Crawdaddy, August 1974

A Fast, Sweet 12-String Serenade From the Oblivion Label

by Jim Jerome

      Leo Kottke shuffles slowly through the doorway of the darkened 7th Avenue restaurant from the sunny sidewalk at lunch hour.  He looks half asleep after his flight from Minneapolis for a concert that night.  Dressed in a rumpled green corduroy suit, yellow button-down shirt and tennis sneakers, Kottke looks much more like a Big Ten fraternity football star than the incomparable acoustic guitarist that he is.  His eyebrows quiver and he squints to adjust to the dimness as he recalls parts of his career:  "My first two albums were on the Oblivion Label, fittingly enough."*  
Photo by Dick Frank
Photo by Dick Frank

      Kottke's wryness is as crisp and cryptic as his mastery of 12-string bottlenecking, and it's easy now for him to look back with humor and detachment.  He has emerged from the undertow of obscurity as very possibly the finest solo guitarist around.  With a half dozen lps and several TV rockshow appearances behind him, he is clearly the most successful and consistent.  "There might be other guys doing what I'm doing," he admits, "but I'm just the only one with work."

      That night's booking was just right for him:  small audience, small house, lots of dedicated guitar freaks, and the main act.  When he walked onstage, there was polite applause.  He sat down on a high stool, cranked his right leg up just above his left knee, tuned up an amplified 12-string, set his fingers into the three picks, and without warning soared straight into "June Bug," one of his most recognizable pieces.

      Dozens begin to clap in time, but just as suddenly as eh sucked them all into the sweet bottleneck slides, he loses them by shifting rhythms.  There are yelps of delight arching throughout the dark hall and the clapping dies.  Most of the people in front rows have, by the end of the piece, wiggle to the edge of their seats, straining to see exactly how he does it.  Kottke has shown them that his mastery, like his wit, is not a handclapping experience in 4/4 time.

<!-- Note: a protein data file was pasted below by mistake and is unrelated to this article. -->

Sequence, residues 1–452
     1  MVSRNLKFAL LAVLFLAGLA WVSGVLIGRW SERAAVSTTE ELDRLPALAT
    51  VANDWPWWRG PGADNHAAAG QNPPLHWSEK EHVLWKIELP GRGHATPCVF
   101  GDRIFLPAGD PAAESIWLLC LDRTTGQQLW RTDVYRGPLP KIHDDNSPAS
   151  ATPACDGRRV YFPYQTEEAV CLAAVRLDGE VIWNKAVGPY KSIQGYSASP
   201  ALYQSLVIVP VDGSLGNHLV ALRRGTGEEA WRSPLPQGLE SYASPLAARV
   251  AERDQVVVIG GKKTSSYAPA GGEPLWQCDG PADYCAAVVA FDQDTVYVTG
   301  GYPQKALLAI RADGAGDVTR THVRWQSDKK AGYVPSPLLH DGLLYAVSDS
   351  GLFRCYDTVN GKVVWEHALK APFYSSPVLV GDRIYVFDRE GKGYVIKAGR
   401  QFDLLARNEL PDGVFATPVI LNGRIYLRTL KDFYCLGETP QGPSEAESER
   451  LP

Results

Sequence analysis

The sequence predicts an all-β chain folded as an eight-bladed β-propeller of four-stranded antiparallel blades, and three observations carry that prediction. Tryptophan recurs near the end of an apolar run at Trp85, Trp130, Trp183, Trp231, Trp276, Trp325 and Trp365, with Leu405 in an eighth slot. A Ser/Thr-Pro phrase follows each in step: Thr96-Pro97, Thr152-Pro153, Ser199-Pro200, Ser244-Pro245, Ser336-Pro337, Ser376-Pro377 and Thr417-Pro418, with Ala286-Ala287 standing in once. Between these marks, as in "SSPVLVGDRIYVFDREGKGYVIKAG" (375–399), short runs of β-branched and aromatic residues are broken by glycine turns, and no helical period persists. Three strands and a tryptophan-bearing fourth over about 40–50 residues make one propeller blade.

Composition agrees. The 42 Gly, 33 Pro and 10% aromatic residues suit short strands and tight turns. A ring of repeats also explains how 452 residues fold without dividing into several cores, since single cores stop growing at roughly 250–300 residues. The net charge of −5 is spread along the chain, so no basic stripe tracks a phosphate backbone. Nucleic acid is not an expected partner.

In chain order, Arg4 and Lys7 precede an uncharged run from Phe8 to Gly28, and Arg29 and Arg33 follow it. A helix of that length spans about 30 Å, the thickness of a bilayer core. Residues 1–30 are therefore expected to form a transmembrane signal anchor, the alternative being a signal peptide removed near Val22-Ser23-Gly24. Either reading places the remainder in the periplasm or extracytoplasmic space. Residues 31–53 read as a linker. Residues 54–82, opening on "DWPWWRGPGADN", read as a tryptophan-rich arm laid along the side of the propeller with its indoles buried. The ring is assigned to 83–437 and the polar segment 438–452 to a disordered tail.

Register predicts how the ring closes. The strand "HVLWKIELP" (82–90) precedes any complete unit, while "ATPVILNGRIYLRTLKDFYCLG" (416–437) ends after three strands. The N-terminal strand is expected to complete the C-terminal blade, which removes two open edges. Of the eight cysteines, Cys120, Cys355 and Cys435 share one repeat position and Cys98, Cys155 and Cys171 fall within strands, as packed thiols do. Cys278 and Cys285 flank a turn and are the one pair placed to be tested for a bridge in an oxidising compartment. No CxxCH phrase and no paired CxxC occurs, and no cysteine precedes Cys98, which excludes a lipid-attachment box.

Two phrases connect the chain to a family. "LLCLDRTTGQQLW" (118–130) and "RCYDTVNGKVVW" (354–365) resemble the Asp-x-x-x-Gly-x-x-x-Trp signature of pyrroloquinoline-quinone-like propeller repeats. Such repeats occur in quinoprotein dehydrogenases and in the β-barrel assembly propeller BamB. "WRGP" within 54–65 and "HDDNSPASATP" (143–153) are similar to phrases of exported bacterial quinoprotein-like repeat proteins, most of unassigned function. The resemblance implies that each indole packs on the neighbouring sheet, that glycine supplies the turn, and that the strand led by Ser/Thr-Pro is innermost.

"My first music was on the violin," Kottke recalls, inadvertently burning his mouth on clear broth the next day after "smoking my lunch."

      "I got bored, though I was supposed to have a good wrist.  That was second, third grade.  All that music was crud.  So I tried for the flute after that.  We were living in Cheyenne then.  This guy told me I couldn't play because my mouth was too big.  So he asked me:  'Would you like to try the tuba?'  That was ridiculous.  but I played it anyhow.  I spent years on it and went to a couple of those State Fairs where you play for three or four judges sitting  out there in the dark balcony, drinking or whatever they do to get through those things.   Still it was important to get your superior rating.  I got knocked down to mediocre because of the awful crap I played.

      "The whole point of all this," he muses, scratching his hair trying to connect the threads, " is that I've stuck with the guitar and enjoyed it only because I didn't ever have somebody telling me what to do.  I never took lessons or taught myself to read."

      Kottke finally strayed into guitar and open (C and G mainly) tunings via the banjo when his father, a V.A. administrators, moved the family to Virginia.  Out of bluegrass, banjo, Pete Seeger and Fred Gerlach records Kottke evolved a highly personalized concept of the guitar.  He executes leads, rhythms, bass, melodies with mesmerizing speed, clarity , precision and stamina whether is playing folk, hillbilly,  classical, jazz or country riffs.

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